In August 1922, the Chief of Engineers in Washington, D.C.., appointed Col. Gilbert Youngberg to replace Col. William Lemen as Florida chief of the Army Corps of Engineers. Lemen’s work had been lackluster at best. Youngberg emphasized to Burgman’s group the necessity of making Congress aware of the facts and figures supporting the economic impact of a continuous inland waterway. This was especially important given the sparse populations in most settlements and villages along the east coast except for Miami.

Youngberg’s predecessor, Col. William Lemen, had been directed to determine whether the Corps should assume control of the old Florida East Coast Canal in its entirety or assume control of the St. Johns River in Jacksonville south to a more centrally located Sanford, Florida, on Lake Monroe, continuing southeast to a point near Titusville where an artificial canal could be constructed to the southern reaches of the old Florida East Coast Canal to Miami. The principal advantage of the St. Johns River route was the river’s natural depth and width. Nature had already provided Sanford with a waterway deep enough and wide enough for any steamship available, as steamships had already been in operation for decades between Sanford and Jacksonville, Fla.

In June 1922, Youngberg’s predecessor, Lt. William Lemen held four hearings at Titusville, West Palm Beach, Daytona, and Sanford. At Daytona, nearly ever individual interested in the waterway was present to support the old Florida East Coast Canal. If the Army chose the St. Johns River-Sanford route, Daytona would be cut out completely from an Atlantic Intracoastal Waterway project. Similarly, nearly every person in Sanford turned out for the hearing held there. Selection of the old East Coast Canal route would mean economic death for Sanford. The result was a preliminary selection by Lemen and a special board of Army engineers of the St. Johns River route, thus cutting out Daytona because an insufficient case had been made for a takeover of the East Coast Canal in its entirety.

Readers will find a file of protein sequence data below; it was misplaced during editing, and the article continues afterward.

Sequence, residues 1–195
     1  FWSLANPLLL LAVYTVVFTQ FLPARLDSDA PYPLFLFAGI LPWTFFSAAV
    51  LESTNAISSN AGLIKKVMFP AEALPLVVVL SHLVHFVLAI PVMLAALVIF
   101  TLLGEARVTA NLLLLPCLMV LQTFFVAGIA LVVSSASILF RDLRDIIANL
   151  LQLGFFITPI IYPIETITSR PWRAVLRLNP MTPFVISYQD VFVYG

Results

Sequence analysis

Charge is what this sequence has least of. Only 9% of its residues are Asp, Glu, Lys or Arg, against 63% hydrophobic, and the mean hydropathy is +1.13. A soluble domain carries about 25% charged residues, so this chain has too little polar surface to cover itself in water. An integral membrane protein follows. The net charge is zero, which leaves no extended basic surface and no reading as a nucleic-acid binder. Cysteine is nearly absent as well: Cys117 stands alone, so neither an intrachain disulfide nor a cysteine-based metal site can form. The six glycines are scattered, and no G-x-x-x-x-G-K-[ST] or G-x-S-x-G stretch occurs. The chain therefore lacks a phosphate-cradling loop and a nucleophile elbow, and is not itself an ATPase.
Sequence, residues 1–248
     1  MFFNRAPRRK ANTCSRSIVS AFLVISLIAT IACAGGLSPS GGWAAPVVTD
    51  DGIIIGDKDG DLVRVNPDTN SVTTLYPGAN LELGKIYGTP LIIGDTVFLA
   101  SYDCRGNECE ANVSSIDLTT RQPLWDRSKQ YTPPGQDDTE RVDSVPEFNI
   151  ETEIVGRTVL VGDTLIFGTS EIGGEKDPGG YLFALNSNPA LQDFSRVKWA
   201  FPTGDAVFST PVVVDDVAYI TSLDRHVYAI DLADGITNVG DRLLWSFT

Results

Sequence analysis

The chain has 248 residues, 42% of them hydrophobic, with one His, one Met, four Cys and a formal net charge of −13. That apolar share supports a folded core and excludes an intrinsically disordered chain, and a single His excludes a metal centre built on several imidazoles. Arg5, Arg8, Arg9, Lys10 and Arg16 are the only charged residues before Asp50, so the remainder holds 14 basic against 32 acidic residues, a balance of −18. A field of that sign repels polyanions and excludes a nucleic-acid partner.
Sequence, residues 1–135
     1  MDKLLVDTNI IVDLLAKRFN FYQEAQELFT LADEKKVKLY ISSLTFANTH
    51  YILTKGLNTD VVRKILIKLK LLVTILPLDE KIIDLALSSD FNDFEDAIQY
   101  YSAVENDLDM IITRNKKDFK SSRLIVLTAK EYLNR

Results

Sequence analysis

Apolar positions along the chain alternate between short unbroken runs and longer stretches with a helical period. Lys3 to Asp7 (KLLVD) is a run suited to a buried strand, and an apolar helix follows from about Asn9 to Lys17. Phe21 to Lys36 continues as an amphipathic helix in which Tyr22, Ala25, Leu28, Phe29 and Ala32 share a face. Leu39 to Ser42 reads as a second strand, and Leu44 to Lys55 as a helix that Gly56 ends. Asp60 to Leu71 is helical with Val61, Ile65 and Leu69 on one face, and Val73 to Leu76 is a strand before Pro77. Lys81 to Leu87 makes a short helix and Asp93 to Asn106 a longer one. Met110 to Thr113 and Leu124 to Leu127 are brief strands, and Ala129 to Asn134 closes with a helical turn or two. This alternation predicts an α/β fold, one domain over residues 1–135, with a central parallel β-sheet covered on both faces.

Burgman and his Association of Chambers of Commerce of the East Coast of Florida went to work with Youngberg’s help to reverse Washington’s preliminary decision favoring the St. Johns River route. The final  result was a recommendation by the Chief of Engineers to the Speaker of the House of Representatives favoring the old Florida East Coast Canal as the Florida route for the Atlantic Intracoastal Waterway.